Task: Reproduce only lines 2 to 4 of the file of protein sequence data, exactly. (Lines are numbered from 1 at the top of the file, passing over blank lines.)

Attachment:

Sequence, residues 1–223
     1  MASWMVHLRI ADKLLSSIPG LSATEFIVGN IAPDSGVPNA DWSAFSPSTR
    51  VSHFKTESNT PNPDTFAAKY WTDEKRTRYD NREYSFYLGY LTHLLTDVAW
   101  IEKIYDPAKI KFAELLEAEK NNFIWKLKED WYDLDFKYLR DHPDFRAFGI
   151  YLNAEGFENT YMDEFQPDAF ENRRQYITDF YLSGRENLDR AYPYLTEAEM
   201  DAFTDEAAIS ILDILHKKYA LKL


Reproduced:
     1  MASWMVHLRI ADKLLSSIPG LSATEFIVGN IAPDSGVPNA DWSAFSPSTR
    51  VSHFKTESNT PNPDTFAAKY WTDEKRTRYD NREYSFYLGY LTHLLTDVAW
   101  IEKIYDPAKI KFAELLEAEK NNFIWKLKED WYDLDFKYLR DHPDFRAFGI